The Linux GUI Development Nightmare

For about 2 weeks I’ve been having some fun with Linux development, mainly using Ruby to build command-line applications. My decisions, to create command-line applications using Ruby instead of GUI applications, were made because of a simple factor: GUI development for Linux is a nightmare, since there isn’t at least one good GUI prototyping tool available to help you design your UI without having to do everything manually.

First I tried Glade which is just a nightmare. It’s extremely complicated to deal with and you have no clue about which control you should use or how to arrange things, and most importantly there’s not a lot of tutorials and documentation for new users to learn how to use it, and how to integrate with other languages.

Then I was told that Qt Creator was an awesome thing, so I decided to give it a try. I’ve created a new test project and selected the Qt Quick option so I could use QML, which is a lot better for a developer with Javascript background like me. One of the things that made me like this was the amount of good documentation and tutorials.

When I started playing with the Designer one of the first things that I noticed was the lack of simple controls like Buttons, this was pretty strange and I thought I haven’t installed all the things needed, but when I searched for it I got this tutorial from Qt itself, which explains how to create a button in QML (from scratch!!). QML is one of the most awesome things I ever seen to build the GUI logic, it’s simple and flexible, the problem is that there isn’t any kind of controls to create real world desktop applications with it.

After that I took a look at wxWidgets, which lacks good documentation and a decent GUI designer. Then after all this horrible nightmare I thought about creating all my UIs using HTML5 and wrapping everything around a GTK WebKit window, but I don’t think this is a good approach since my apps would look like an alien to the system.

Where are the Delphis of modern computing? I remember how easy it was to design UIs using Delphi and with a right-click on the control you could easily attach an event to it’s logic. It’s this kind of IDE that I’m expecting, one that focus on the fact that you don’t need to struggle to create a UI, but instead that you should be able to create the UI fast and easily enough, so you can focus on the most important thing that is your application logic.

Linux is a awesome OS, I’ve been using it since 2007, and it needs/deserves better tools to create awesome GUI applications, this is one of the reasons that developers aren’t porting their apps to Linux. On Mac OS X we have the awesome Xcode that includes a incredibly awesome GUI designer, and on the Windows side we have Visual Studio with a designer that is the best one in my opinion, since it’s easy, flexible, and powerful. Isn’t this the perfect time for a great Linux GUI designer?

Microsoft Finally Saw Where The Developers are Going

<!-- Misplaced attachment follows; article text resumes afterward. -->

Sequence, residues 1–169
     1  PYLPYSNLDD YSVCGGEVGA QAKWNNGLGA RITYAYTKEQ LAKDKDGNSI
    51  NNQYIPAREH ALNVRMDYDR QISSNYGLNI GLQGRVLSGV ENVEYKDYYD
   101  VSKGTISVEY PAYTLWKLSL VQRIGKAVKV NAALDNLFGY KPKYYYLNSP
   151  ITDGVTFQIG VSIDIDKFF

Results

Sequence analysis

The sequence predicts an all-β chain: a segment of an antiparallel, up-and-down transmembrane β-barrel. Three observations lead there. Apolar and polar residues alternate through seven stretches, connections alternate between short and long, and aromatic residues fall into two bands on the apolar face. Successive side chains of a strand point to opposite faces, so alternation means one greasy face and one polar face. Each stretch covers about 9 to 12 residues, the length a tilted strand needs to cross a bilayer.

Today I revived my hope on Microsoft as I received the news that they released their brand new “product” for their fellow developers. The release I am talking about is the official Metro theme for jQuery Mobile. The awesome mobile framework finally got some Microsoft love.

In December of last year I got a new device to develop for, a HTC Titan, running the latest Windows Phone 7.5 Mango build. I loved the OS UI and how the applications were information-centric and not just eye-candy, but there was one problem, the same way C# is a incredible language for a lot of things, it’s parsing functions, for JSON specifically, are very difficult to learn and the articles about it were made for senior C# developers, which makes it difficult for beginners like me to understand them, at least I now can develop using the technology I love most for mobile development: Cordova (aka PhoneGap).

I always wanted to use Cordova for my WP7 projects but the Metro interface was way too complex to build from scratch and since the WP7 build of Cordova was on it’s early stages there were some features still to be implemented, for example there was no way to prevent the app from scrolling and some other things. Now there are plenty of plugins to make the app as native as possible and with the latest help from Microsoft, the Cordova development community has another great platform with almost full support of the native web app framework.

It’s great to see that Microsoft finally realized that the future of development has Javascript, HTML and CSS as the main languages. That’s why I have hopes that Boot to Gecko gets some market attraction and becomes a popular platform.

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OAuth Broke The Internet

If you don’t know what OAuth is, it’s a auth process for cross-domain login, like Twitter or Facebook when you want to login/register on client apps, like HootSuite, Carbon or Tweetbot, or when you’re just logging into a 3rd-party site like Empire Avenue or Geeklist.

It’s a very secure system, the problem is that you break the user experience in the worst way possible. You take the user out of the web site or app just to login, the developer has to create a very bad system by embedding a WebView to the app or redirecting to the browser just to log the user in.

xAuth is good, but not perfect, at least you don’t need to take the user out of the app, the problem is that Twitter, for example, the developer must request the xAuth keys and wait if it gets approved, also it has limitations like no access to Direct Messages.

Users and developers should make some pressure on Twitter, Facebook, Google etc. to open the xAuth access without limitations or ask for a new and better authentication system.